Strange power pole

(13) Strange power pole

Cows grazing near Brasted Hill

(14) Cows grazing near Brasted Hill

Crown Inn, Knockholt

(15) Crown Inn, Knockholt

New signpost near Knockholt

(16) New signpost near Knockholt

The trail follows the edges of several more fields overlooking the town of Westerham, climbing gradually higher to Brasted Hill. On this part of the walk there are a lot of stiles -- I counted about twenty -- in various states of disrepair. In one of these fields, the trail passes a strange leaning power pole (picture 13), while in another field a herd of cows were grazing on the path (picture 14).

A little further on, the trail crosses Sundridge Lane. Here I took a short detour along the lane to the nearby village of Knockholt, though being mid-afternoon, the Crown Inn pub (picture 15) was closed.

Since I first walked part of the North Downs Way in February 2010, the part of the trail in Kent has had many of the old wooden fingerposts replaced with new ones (picture 16) that are a bit more visible and sometimes state the distance to nearby towns and landmarks on the trail.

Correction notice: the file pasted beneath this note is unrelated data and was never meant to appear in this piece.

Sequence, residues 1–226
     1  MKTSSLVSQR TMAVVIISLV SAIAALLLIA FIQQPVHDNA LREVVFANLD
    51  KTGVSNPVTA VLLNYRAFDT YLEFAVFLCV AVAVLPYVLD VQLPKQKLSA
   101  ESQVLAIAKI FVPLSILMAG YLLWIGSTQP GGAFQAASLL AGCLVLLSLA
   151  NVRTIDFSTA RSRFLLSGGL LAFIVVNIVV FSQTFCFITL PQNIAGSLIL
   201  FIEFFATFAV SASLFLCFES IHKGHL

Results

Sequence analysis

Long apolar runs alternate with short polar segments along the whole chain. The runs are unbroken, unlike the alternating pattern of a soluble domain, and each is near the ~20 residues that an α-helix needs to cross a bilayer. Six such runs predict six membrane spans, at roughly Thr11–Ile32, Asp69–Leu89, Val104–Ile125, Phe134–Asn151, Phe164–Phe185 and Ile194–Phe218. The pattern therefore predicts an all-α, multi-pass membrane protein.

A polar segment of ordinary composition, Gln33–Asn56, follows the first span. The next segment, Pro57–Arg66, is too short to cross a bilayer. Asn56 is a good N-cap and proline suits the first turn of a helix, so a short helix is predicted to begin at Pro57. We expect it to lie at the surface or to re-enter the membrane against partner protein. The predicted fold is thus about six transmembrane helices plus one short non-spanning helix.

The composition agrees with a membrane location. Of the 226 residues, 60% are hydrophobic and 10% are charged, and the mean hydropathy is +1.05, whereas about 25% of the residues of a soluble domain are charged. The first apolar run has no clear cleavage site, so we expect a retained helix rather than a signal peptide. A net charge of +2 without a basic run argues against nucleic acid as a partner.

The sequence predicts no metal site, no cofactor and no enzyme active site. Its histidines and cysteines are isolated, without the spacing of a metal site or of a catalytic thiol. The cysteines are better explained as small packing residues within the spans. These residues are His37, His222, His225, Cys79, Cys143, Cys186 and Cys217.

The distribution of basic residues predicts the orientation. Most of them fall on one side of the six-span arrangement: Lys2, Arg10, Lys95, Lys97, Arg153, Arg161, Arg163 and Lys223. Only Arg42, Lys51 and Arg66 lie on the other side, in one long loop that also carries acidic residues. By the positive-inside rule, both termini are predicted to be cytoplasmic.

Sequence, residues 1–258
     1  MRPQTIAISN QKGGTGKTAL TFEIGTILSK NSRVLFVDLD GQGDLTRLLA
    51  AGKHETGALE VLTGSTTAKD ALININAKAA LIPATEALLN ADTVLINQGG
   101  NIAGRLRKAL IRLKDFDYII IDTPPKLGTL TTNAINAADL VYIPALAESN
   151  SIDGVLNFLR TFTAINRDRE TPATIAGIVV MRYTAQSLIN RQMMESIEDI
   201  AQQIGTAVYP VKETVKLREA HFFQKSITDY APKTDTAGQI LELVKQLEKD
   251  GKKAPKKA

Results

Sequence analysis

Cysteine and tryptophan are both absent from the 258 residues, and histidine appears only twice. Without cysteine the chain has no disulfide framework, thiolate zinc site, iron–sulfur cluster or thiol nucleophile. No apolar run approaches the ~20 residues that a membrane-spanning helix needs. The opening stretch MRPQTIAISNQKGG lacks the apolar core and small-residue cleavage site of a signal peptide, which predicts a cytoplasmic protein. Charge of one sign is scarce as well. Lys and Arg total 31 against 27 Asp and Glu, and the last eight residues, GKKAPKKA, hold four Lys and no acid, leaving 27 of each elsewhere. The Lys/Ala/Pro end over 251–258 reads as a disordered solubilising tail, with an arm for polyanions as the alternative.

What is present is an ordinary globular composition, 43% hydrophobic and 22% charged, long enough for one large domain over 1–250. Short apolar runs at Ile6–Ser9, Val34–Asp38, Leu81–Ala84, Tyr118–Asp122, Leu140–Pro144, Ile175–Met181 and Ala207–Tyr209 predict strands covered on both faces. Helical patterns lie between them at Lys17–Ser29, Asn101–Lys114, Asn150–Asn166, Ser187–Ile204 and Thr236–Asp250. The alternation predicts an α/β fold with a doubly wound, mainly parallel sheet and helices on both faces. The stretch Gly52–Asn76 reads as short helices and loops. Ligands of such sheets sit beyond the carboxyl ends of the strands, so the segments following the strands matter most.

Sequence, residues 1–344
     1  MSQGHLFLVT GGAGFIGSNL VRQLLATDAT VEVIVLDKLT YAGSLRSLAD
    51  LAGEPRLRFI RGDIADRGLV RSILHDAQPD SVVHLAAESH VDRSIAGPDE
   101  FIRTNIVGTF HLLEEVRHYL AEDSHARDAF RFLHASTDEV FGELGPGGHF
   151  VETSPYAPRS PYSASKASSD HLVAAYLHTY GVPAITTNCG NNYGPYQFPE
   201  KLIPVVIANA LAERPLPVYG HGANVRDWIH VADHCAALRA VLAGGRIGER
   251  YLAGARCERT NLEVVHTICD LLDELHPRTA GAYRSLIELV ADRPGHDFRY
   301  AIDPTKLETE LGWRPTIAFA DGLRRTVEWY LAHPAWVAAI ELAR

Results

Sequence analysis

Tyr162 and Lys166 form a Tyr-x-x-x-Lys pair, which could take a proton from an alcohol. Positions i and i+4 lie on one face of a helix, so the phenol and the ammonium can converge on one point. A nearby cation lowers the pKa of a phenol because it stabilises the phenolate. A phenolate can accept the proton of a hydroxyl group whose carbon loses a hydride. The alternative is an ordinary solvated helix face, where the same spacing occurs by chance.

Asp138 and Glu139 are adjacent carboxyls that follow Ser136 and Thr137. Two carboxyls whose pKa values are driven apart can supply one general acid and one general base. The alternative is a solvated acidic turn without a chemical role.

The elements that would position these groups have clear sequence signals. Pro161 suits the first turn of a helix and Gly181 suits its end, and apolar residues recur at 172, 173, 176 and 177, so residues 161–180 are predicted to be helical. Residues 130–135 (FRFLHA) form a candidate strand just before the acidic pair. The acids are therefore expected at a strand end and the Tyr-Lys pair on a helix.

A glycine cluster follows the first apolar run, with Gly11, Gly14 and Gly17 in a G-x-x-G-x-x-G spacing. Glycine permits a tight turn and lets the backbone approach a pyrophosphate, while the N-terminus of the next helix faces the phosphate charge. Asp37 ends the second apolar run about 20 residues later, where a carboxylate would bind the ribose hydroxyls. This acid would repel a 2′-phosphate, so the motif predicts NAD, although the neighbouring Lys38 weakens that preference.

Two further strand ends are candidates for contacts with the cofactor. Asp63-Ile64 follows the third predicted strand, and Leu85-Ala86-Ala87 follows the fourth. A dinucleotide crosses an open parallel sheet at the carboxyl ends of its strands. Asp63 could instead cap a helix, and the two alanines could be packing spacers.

Thatched house in Dunton Green

(17) Thatched house in Dunton Green

Donnington Manor Hotel, Dunton Green

(18) Donnington Manor Hotel, Dunton Green

Pillar on Telston Lane, Otford

(19) Pillar on Telston Lane, Otford

Otford Station

(20) Otford Station

From Knockholt, the trail crosses more fields, then zigzags along the edge of some woodland before descending along an overgrown path to a minor road that runs next to the M25 motorway. The trail then follows the minor road for a few hundred metres to an overpass over the M25. Once beyond the overpass, the trail follows the road into the village of Dunton Green, passing some pretty houses, including the thatched house in picture 17.

Reaching Dunton Green, the trail turns sharply to the left at the Rose & Crown pub, then turns right on a footpath next to the Donnington Manor Hotel (picture 18). The footpath follows the edge of a field, crossing a railway bridge before joining Telston Lane, on the outskirts of the town of Otford.

On the footpath on the left side of the lane, I passed a white pillar (picture 19) that forms part of a scale model of the solar system -- more on this in the description of the next stage. This pillar represents the planet Neptune.

At the end of the lane, the North Downs Way turns right onto Otford's High Street and crosses the River Darent. Continuing along the High Street, the trail passes the Otford railway station (picture 20), where I left the trail for the day.

The total distance covered on the North Downs Way on this stage was approximately 19.2km.